Indeed, those skilled in the art will appreciate that the screen 14' can, if desired, be replaced with a stationary screen (not shown) fixedly attached at it's upper end to a rod or other fixed support secured to brackets 16, 18 and at it's lower end to a similar rod or other fixed support carried by brackets 29. In this instance, while the mesh screen remains stationary, the barrier system of the invention continues to serve the dual function of concealing unsightly objects such as piles 11 beneath the dock 10 while converting the space outboard of the piles to utilitarian space that can be used for the static display of advertising, promotional, pictorial and/or other visual media that serve to convey messages to the public and/or to enhance the beauty of the waterfront.
It will, therefore be appreciated that there have herein been disclosed various types of marine barrier systems which are suitable for use at tidal basin waterfronts or the like or at land-locked waterfronts where water levels remain essentially constant; yet, wherein the barrier system serves to not only conceal unsightly piles, flotsam and other unsightly objects beneath docks or similar man-made waterfront support structures but, additionally, to convert the area outboard of such unsightly structures and objects from wasted space to utilitarian space that can be used for advertising/promotional purposes and/or to simply beautify the waterfront. The system is further characterised by it's simplicity, economy, lack of complex drive mechanisms, and effectiveness.
|Patente citada||Fecha de presentación||Fecha de publicación||Solicitante||Título|
|US1206141 *||8 Nov 1915||28 Nov 1916||Charles A Jones||Roller-screen.|
|US1270656 *||31 May 1917||25 Jun 1918||Emil E Pedo||Window-screen.|
|US2746257 *||8 Jul 1949||22 May 1956||O'brien John J||Hanging fire wall and method of constructing same|
|US3599434 *||3 Jun 1969||17 Ago 1971||Louis Missud||Device for confining oil released by leakage during offshore oil drilling operations|
|US3695209 *||21 Ago 1970||3 Oct 1972||Tomlinson Ind Inc||Vessel mooring devices|
|US3984987 *||24 Dic 1974||12 Oct 1976||Sun Shipbuilding And Dry Dock Company||Silt and pollution control for marine facility|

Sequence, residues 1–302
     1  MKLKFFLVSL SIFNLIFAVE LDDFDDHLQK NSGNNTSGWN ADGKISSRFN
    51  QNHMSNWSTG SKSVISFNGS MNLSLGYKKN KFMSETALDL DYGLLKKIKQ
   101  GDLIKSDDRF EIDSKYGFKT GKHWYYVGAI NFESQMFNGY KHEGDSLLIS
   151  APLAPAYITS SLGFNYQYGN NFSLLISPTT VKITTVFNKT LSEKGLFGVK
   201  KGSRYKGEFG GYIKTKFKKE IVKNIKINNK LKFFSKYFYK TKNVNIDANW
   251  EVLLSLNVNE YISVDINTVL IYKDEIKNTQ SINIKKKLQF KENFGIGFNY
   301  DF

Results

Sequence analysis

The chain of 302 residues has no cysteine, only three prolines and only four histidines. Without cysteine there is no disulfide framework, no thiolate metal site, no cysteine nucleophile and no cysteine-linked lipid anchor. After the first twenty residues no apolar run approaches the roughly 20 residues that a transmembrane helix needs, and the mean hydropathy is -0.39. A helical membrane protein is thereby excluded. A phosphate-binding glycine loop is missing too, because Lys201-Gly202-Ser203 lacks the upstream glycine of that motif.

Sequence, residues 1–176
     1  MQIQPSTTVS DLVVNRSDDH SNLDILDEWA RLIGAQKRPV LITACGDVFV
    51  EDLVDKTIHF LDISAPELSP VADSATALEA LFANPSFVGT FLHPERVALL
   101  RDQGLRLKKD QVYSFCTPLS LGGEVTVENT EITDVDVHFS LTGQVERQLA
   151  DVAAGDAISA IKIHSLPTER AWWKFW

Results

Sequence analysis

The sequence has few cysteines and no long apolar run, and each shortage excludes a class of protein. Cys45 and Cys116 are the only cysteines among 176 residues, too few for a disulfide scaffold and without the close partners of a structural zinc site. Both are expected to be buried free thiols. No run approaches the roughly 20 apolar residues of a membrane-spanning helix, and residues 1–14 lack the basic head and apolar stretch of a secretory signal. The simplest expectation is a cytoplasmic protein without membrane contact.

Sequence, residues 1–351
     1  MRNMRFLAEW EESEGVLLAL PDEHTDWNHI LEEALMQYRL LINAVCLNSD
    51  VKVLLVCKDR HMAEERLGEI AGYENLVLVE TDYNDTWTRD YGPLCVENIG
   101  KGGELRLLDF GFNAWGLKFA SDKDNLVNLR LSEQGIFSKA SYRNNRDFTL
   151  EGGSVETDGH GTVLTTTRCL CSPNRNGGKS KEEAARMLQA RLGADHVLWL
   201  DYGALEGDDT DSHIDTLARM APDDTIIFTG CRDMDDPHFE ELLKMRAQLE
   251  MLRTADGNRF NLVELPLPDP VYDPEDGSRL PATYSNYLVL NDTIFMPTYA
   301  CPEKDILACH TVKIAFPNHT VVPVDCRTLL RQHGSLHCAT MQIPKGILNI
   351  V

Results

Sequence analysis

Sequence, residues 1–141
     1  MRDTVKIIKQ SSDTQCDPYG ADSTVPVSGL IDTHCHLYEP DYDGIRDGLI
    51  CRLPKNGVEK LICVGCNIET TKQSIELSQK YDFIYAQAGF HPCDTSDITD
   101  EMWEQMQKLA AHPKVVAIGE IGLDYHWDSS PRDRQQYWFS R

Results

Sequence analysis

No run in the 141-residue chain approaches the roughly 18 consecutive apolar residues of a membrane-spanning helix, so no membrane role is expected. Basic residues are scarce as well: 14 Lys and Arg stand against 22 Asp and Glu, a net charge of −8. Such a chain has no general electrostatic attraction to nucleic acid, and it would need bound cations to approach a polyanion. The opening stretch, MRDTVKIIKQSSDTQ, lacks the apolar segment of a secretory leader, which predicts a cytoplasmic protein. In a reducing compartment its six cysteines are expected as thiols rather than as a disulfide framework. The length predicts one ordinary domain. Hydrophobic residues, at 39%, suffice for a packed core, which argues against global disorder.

|US4089767 *||17 Nov 1976||16 May 1978||Sabins Industries, Inc.||Anode system for the cathodic protection of off shore structures|
|US4135467 *||28 Abr 1977||23 Ene 1979||Entreprise D'equipements Mecaniques Et Hydrauliques E.M.H.||Means of protection against the shocks of ships coming alongside, particularly for platforms of the off-shore type|
|US4289423 *||20 Nov 1979||15 Sep 1981||I.T.I. Limited||Protective skirt for an iceberg|
|US4416073 *||5 Abr 1982||22 Nov 1983||Robert Keith & Co., Inc.||Water-borne inflatable promotional device|
|US4525946 *||11 May 1981||2 Jul 1985||Olson Carl G||Roller apparatus for a flexible web|
|GB1370369A *||Título no disponible|
|Patente citante||Fecha de presentación||Fecha de publicación||Solicitante||Título|
|US5135325 *||29 Jul 1991||4 Ago 1992||Eddy David L||Emergency boom for use on a tanker|
|US5471774 *||23 Mar 1993||5 Dic 1995||Hoyt; Wilber S.||Lowerable changeable message and maintenance sign|
|US6854927 *||30 Sep 2003||15 Feb 2005||Kunio Miyazaki||Containment boom|
|US7000344||2 Abr 2003||21 Feb 2006||Christopher Furlan||Up-and-down display sign|
|US8398334 *||24 Abr 2012||19 Mar 2013||Robert Doyle||Self-positioning subsea oil spill containment system|
|US8950975||5 Jun 2013||10 Feb 2015||Deron Nettles||System and method for shoreline preservation|
|US20040120770 *||30 Sep 2003||24 Jun 2004||Kunio Miyazaki||Containment boom|
|US20040194361 *||2 Abr 2003||7 Oct 2004||Christopher Furlan||Up-and-down display sign|
|Clasificación de EE.UU.||405/195.1, 40/617, 405/60, 160/108, 405/218|
|Clasificación internacional||E02B3/06, G09F15/00|
|Clasificación cooperativa||E02B3/06, G09F15/0025|
|Clasificación europea||E02B3/06, G09F15/00B4|
|10 Jul 1990||REMI||Maintenance fee reminder mailed|
|9 Dic 1990||LAPS||Lapse for failure to pay maintenance fees|
|19 Feb 1991||FP||Expired due to failure to pay maintenance fee|
Effective date: 19901209